Mack took over at CSFB, like Morgan a power player in global banking and trading, after its Swiss bosses sacked CEO Allen Wheat two weeks ago. Mack was available, having left the No. 2 job at Morgan Stanley in March following a huge career miscalculation. After Morgan Stanley merged with Dean Witter a few years back, Mack thought he would get to run it. He didn't, so he moved on. That's the way it is with type A's, a breed drawn to Wall Street like suckers to a flawed IPO.
Speaking of which, as most know by now, there has been no shortage of such offenses in recent years--a good many of the disaster deals having sprung from the IPO factories at Mack's new firm as well as his old one. That's noteworthy because at the heart of CSFB's problems, and one of the main reasons Mack was hired, is an IPO scandal that has shredded the firm's reputation. There are other issues at CSFB too. The firm overpaid for competitor Donaldson Lufkin & Jenrette, and now is losing some of the star bankers that came with that acquisition. CSFB defines excess: 60% of revenue goes toward employee compensation, a full 10 percentage points over the industry norm.
But Job 1 will be restoring credibility in the area of ipos. At CSFB, allegations include kickbacks from those who got hefty IPO allocations. Three brokers have been fired.
At Morgan Stanley, the question is more along the lines of, Did the firm do right by its customers? Should it have underwritten so many high-risk companies? The short answer is yes. The firm was merely doing what it always does: matching those who need capital (dreamy dotcom start-ups) with those eager to supply it (dreamier market neophytes, as well as a large number of institutional investors). Sometimes the dreams come true. After all, Morgan floated Microsoft and AOL, speculative plays in their early days too.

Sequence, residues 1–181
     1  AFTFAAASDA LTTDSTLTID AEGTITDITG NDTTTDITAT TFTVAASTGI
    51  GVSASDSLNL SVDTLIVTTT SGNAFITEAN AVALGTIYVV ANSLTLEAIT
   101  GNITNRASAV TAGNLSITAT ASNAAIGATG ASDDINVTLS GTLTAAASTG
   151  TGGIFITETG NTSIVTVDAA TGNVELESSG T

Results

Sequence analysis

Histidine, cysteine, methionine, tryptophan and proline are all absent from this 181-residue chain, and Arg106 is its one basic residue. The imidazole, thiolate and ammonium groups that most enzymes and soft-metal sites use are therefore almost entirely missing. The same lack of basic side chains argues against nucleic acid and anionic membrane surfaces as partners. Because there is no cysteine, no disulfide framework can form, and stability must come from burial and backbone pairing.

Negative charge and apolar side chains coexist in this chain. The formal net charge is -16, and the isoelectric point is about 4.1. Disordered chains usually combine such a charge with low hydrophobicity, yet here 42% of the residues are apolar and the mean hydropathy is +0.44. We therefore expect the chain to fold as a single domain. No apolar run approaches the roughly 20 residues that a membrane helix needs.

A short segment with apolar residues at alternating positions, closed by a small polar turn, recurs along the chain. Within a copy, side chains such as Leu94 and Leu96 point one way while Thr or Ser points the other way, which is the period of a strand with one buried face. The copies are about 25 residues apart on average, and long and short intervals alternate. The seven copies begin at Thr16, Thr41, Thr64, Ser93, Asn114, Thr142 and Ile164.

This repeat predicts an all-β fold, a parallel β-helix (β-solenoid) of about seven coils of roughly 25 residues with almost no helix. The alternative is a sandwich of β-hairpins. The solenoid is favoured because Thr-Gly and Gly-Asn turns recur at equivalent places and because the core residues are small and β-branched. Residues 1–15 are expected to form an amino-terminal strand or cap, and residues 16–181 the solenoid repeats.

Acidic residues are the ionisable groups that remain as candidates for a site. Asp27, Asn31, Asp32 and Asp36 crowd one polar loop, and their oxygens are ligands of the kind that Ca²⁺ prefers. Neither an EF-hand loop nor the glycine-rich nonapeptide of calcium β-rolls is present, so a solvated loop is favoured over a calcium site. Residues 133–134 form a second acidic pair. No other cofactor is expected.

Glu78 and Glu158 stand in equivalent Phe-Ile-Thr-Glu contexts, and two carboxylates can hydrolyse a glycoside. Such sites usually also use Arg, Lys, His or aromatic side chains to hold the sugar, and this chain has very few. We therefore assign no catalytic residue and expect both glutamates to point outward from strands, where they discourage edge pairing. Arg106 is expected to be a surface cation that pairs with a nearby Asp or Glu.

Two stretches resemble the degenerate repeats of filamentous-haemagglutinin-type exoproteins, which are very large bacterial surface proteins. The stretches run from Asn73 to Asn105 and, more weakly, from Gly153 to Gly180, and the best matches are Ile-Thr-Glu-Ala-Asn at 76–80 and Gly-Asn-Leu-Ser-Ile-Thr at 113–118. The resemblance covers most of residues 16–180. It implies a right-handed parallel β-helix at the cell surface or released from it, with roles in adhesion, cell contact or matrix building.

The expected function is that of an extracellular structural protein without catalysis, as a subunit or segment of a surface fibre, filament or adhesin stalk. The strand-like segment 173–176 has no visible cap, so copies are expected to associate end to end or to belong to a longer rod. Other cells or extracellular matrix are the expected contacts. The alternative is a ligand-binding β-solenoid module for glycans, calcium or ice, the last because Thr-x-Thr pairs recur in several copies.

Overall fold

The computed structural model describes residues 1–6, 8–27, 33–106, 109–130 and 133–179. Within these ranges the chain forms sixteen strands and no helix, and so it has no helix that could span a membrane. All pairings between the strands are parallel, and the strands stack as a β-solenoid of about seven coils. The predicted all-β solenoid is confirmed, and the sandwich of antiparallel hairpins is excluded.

But try telling that to folks who lost the ranch listening to glowing stock opinions of star analysts like Henry Blodget at Merrill Lynch. The wounded want blood. Just last week Merrill revealed that it had settled a case with an investor who lost $800,000 in part, the investor says, by following Blodget's advice. Merrill says there is no mention of Blodget in the settlement, and it merely wanted to avoid arbitration expense. In any event, the settlement was considerable: $400,000. Although most arbitration cases lack precedential value, you can imagine that tech-IPO underwriters will be hearing from lawyers for other investors who lost bundles.
Mack attracts attention because both his new and old firms were doing much of the underwriting. At CSFB, star tech banker Frank Quattrone brought in the mother lode: CSFB took public 142 tech companies in 1998-2000. In the same period, while Mack was the top hands-on manager at Morgan Stanley, his firm underwrote 68 tech-stock ipos, according to Thomson Financial. The firms ranked 1 and 3, with Goldman Sachs notched in between.
Running a big-time Wall Street firm is not like running a carmaker. GE wonderboss Jack Welch cried uncle shortly after acquiring Kidder Peabody in 1986, and the Solomonic Warren Buffett couldn't run fast enough from his interim job as chief of Salomon Brothers in 1992. So you can see why stumbling CSFB grabbed Mack, whose own record for running a clean ship is pretty much unblemished. Mack was even rumored to be on the short list to succeed Arthur Levitt as head of the Securities and Exchange Commission. He's known for giving egocentric bankers--Quattrone while at Morgan Stanley, for one--the boot rather than caving to princely demands.
So the bet everywhere is that Mack will succeed by enforcing strict management controls that tend to get lost in a bull market. Others will too, it is hoped, because so far all we've got is a set of "best practices" for bankers and analysts and yet no way to enforce them. A few firms have eliminated some conflicts of interest--but not the worst ones. As ever, buyer beware.
See Dan on CNNfn's MoneyGang, Tuesday at 2:15 p.m. E.T.